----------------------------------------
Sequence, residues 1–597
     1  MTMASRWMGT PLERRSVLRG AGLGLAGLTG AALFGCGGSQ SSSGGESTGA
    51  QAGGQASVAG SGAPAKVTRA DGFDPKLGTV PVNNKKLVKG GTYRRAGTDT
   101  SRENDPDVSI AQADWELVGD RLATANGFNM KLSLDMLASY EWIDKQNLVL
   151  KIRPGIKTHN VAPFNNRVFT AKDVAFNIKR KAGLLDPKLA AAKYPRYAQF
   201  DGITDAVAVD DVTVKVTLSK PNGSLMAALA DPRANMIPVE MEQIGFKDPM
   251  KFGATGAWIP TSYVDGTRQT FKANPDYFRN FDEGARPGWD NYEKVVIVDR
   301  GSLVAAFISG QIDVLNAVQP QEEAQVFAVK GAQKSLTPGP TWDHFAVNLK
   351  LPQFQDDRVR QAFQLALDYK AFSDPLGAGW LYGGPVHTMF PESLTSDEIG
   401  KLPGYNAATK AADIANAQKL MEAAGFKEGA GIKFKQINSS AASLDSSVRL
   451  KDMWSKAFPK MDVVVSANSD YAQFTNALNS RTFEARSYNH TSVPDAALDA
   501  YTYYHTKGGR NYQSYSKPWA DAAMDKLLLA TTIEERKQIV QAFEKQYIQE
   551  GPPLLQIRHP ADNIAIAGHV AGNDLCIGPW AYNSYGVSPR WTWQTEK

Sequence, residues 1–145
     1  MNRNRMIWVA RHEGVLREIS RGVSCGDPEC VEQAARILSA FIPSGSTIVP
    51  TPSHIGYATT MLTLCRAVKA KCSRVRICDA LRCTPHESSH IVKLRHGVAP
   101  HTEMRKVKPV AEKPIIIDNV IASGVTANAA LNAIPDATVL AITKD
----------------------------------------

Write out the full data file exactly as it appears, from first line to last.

Sequence, residues 1–597
     1  MTMASRWMGT PLERRSVLRG AGLGLAGLTG AALFGCGGSQ SSSGGESTGA
    51  QAGGQASVAG SGAPAKVTRA DGFDPKLGTV PVNNKKLVKG GTYRRAGTDT
   101  SRENDPDVSI AQADWELVGD RLATANGFNM KLSLDMLASY EWIDKQNLVL
   151  KIRPGIKTHN VAPFNNRVFT AKDVAFNIKR KAGLLDPKLA AAKYPRYAQF
   201  DGITDAVAVD DVTVKVTLSK PNGSLMAALA DPRANMIPVE MEQIGFKDPM
   251  KFGATGAWIP TSYVDGTRQT FKANPDYFRN FDEGARPGWD NYEKVVIVDR
   301  GSLVAAFISG QIDVLNAVQP QEEAQVFAVK GAQKSLTPGP TWDHFAVNLK
   351  LPQFQDDRVR QAFQLALDYK AFSDPLGAGW LYGGPVHTMF PESLTSDEIG
   401  KLPGYNAATK AADIANAQKL MEAAGFKEGA GIKFKQINSS AASLDSSVRL
   451  KDMWSKAFPK MDVVVSANSD YAQFTNALNS RTFEARSYNH TSVPDAALDA
   501  YTYYHTKGGR NYQSYSKPWA DAAMDKLLLA TTIEERKQIV QAFEKQYIQE
   551  GPPLLQIRHP ADNIAIAGHV AGNDLCIGPW AYNSYGVSPR WTWQTEK

Sequence, residues 1–145
     1  MNRNRMIWVA RHEGVLREIS RGVSCGDPEC VEQAARILSA FIPSGSTIVP
    51  TPSHIGYATT MLTLCRAVKA KCSRVRICDA LRCTPHESSH IVKLRHGVAP
   101  HTEMRKVKPV AEKPIIIDNV IASGVTANAA LNAIPDATVL AITKD